Two months after the bankruptcy filing, FBI agents raided Enron’s headquarters, pulling hard drives and boxes of documents, as Lay met with the Rev. Jesse Jackson for spiritual counsel. A few days later, Cliff Baxter, the former vice chairman of Enron, was found parked on the side of Palm Royale Boulevard in Sugar Land in his black Mercedes-Benz S 500.
He was dead, a gunshot wound to the temple. A suicide note was found by his wife at their home.
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By October 2002, the government had brought charges against chief financial officer Andrew Fastow, alleged to have defrauded Enron investors of millions of dollars by shifting revenues into off-the books enterprises in which he and a select few had personal stakes. As prosecutors cut deals with Enron executives for reduced sentences, they steadily built cases against Lay and Skilling, setting up a 2006 trial on which the media spotlight was bright enough to rival those of major sporting events. Jurors spent four months inside Houston’s federal courthouse before finding Lay and Skilling guilty on charges including fraud, conspiracy and insider trading.
Skilling was sentenced to 24 years in prison. The sentence was later reduced by 10 years.
Lay was never sentenced. Six weeks after the verdict, he died from a heart attack while on vacation in Aspen, Colo.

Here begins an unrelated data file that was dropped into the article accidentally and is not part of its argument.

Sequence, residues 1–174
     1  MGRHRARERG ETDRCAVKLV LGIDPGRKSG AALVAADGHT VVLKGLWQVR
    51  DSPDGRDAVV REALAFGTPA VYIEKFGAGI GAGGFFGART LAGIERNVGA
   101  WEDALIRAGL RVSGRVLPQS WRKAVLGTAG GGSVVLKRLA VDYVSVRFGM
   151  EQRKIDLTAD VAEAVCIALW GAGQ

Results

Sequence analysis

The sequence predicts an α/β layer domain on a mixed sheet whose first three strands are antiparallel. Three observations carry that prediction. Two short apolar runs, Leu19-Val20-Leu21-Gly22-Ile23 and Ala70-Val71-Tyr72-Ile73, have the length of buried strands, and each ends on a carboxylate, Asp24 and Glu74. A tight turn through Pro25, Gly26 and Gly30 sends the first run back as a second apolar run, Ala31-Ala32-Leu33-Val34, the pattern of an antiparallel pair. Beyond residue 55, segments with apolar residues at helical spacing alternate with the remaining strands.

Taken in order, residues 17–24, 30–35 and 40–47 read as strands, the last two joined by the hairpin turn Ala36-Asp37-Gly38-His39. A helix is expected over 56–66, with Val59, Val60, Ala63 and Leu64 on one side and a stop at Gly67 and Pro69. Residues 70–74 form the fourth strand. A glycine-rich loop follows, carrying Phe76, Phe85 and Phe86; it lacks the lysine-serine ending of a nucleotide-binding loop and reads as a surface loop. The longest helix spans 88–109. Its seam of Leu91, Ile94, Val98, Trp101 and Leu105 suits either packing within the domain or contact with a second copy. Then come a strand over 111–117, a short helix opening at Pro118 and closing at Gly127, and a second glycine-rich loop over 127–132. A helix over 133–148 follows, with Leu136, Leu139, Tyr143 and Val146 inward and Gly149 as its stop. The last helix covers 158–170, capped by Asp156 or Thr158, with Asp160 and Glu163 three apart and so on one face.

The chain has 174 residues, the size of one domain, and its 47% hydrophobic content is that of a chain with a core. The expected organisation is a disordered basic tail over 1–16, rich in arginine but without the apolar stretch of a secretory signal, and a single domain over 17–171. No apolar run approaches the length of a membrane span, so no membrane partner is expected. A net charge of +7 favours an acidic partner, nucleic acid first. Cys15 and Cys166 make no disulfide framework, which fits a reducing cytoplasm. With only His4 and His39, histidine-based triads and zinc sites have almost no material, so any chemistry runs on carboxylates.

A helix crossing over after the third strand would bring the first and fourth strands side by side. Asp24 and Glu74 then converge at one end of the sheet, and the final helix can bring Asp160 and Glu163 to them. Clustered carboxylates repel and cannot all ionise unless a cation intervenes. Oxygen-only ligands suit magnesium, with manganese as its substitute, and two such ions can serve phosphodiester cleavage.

Lay had loomed large not just at Enron but also in his adopted hometown, where he and his wife Linda were luminaries in Houston society. When the Astros threatened to leave if they could not get a replacement for the aged Astrodome, Lay helped pull together a new taxpayer-funded baseball stadium.
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It was named Enron Field when it opened in 2000; today it’s Minute Maid Park.
Since the scandal, Enron and Lay’s names have been scrubbed from donor rolls and wall plaques of museums and civic organizations.
But Enron remains a part of Houston’s business scene. Enron Oil and Gas, spun off in 1999 and now named EOG Resources, helped revolutionize the oil business by tapping South Texas shale fields long thought too expensive to drill. Kinder Morgan, one of country’s biggest pipeline firms, was built on Enron assets purchased by founder Richard Kinder after he stepped down as Enron’s president in 1996.
The company’s name has not completely vanished, either, added Pirrong: “Enron is a very common part of a lot of people’s résumés around Houston.”
This article was previously published in the Houston Chronicle during a six-month retrospective tracing of Houston history in 2016...